Other parts of this series:
40 million. 76 million. 90 million. 130 million. 143 million. Those are the numbers of people or households affected by the worst five cyberattacks in the banking and capital markets sectors in the 21st century.1
In my first blog in this series on cybercrime, I discussed cybersecurity capabilities and issues across the entire financial services industry, based on findings from Accenture’s 2019 “Cost of Cybercrime” report. Digging deeper into results specifically for banking and capital markets (banking), we can see several cybersecurity trends to worry about:
- High costs. The average cost of cybercrime for a banking company in 2018 was $16.7 million, 28% higher than the average for all other industries surveyed.
- Greater concerns about malware and web-based attacks. Malware occurrences are experienced by 96% of the banking companies surveyed, with web-based attacks following at 87%. Those are both costly events, with web-based incidents costing $202,000 and malware $192,000 on average. Interestingly, denial-of-service attacks are experienced by fewer banks (51%), yet are the most costly to resolve at $208,000 per incident on average.
- Global issues. Looking for a moment at the global study, we can see that the cost of cybercrime is increasing across all countries surveyed. The average increase in cyberattack costs for the countries in our sample is up 26% since 2017. The United Kingdom (+31%), Japan (+30%) and United States (+ 29%) have the largest increases followed by Australia (+26%).
In addition to these general numbers, I want to look more closely at two areas where I believe banks are underinvesting: (1) the people/human aspects of cybersecurity; and (2) advanced technologies.
The human factor
Several years ago, an employee working for an Asia-based credit bureau secretly copied databases containing customer details. Identification numbers, credit card numbers, and addresses were stolen from 20 million victims. In another incident, a former employee stole and sold customer information on millions of mortgage loan applicants.2 These stories highlight the fact that malicious insiders are a real threat to banks.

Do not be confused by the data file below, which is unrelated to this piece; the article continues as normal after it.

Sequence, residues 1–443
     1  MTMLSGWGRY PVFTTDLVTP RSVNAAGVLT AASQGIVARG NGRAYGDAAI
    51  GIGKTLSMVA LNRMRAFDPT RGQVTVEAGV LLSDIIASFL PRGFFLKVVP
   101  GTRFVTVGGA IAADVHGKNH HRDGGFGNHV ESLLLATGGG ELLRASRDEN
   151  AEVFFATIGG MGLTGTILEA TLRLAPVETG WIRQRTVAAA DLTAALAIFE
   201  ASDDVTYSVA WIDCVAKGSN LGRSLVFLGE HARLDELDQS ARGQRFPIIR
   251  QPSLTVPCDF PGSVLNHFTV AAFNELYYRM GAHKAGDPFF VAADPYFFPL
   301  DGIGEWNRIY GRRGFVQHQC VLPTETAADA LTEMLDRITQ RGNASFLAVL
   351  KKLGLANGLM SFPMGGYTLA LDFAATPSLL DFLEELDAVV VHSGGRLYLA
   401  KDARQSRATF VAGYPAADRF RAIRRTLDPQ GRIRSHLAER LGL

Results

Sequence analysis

Three-fourths of the banking companies we surveyed had experienced people-related incidents such as phishing and social engineering (just behind malware and web-based attacks, the top answers), with an average cost of $118,000 to resolve. Forty percent had experienced a malicious insider event, with an average cost of $116,000.
Of special concern is the fact that a malicious insider attack takes the longest, on average, to resolve—51.8 days, compared with malicious code (51 days) and ransomware (41.5 days). (See Figure 1.)
Figure 1: Malicious insider attacks take the longest for a banking company to resolve
Yet, enterprise spending on the human layer of cybersecurity is not matching risk levels. Just 9% of budgets are spent on this dimension, fifth in the list of six layers surveyed. The network and application layers had the most investments, at 37% and 27%, respectively. (See Figure 2.)
Figure 2: Insufficient investments are being made in the human layer of the cybersecurity stack
The role of advanced technologies